Constant running causes overuse injuries

Story and photo by Capt. Vancil McNulty U.S. Army Center for Health Promotion and Preventive Medicine

Everyone has different motivations to exercise. But if you’re are a Soldier, your
exercise motivation may simply be to pass a Physical Training test.
One of the pitfalls of preparing Soldiers to meet the physical rigors of completing the mission may be overtraining, or overuse. Overtraining occurs when the amount of exercise is out of balance with recovery or rest. When this happens, it can cause injury.

The Joint Services Physical Training Injury Prevention Work Group thoroughly reviewed proven injury-prevention strategies in the military. The group found that too much running was the primary contributor to overuse, and those at the greatest risk of injury are those who are least fit.

A large amount of military and civilian research shows that the amount of running significantly increases the risk of leg injuries. During initial military training, about 25 percent of men and about 50 percent of women incur one or more PT-related injuries. About 80 percent of these injuries are in the legs and are caused by excessive running.The group found that decreasing the amount of running helped reduce injury.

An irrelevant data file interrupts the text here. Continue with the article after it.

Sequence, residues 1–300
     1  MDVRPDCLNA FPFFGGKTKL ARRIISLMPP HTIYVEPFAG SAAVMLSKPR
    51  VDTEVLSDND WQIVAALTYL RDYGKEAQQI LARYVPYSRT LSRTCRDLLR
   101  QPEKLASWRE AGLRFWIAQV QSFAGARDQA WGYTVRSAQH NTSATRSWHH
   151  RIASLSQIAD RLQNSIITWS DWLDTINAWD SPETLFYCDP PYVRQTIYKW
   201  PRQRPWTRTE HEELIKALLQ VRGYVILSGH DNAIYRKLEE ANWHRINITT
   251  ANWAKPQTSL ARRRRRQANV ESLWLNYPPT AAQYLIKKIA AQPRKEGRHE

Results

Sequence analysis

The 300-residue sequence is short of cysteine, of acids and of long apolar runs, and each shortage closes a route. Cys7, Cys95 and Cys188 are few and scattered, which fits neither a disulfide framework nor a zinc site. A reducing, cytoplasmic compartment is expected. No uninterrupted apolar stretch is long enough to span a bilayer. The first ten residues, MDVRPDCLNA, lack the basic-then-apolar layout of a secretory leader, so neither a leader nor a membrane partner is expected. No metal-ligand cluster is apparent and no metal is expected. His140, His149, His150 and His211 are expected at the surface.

Marine recruits in a 12-week boot camp had a 54 percent reduction in stress fractures of the legs with essentially no change in aerobic fitness when they reduced their running mileage 40 percent.

Another study compared male Navy recruits assigned to basic training divisions who ran either 12 to 18 miles or 26 to 44 miles. The lower-mileage division had lower injury rates, with 1.5-mile run time improvements that were the same as the higher-mileage divisions.

A reduction of 20 miles of running during this Navy recruit training reduced injuries by 20 percent without negatively affecting physical fitness.
There are thresholds of running above which injuries increase dramatically without any significant gains in fitness. Running frequency of five times a week versus three times a week for 30 minutes increases the incidence of injury by 225 percent without significantly improving fitness level.

Running durations of 45 minutes versus 30 minutes three times a week increases the incidence of injury by 125 percent without any significant change in fitness.
The bottom line: If Army leaders are serious about taking care of Soldiers and reducing PT-related injuries, there is plenty of hard evidence that proves less is more.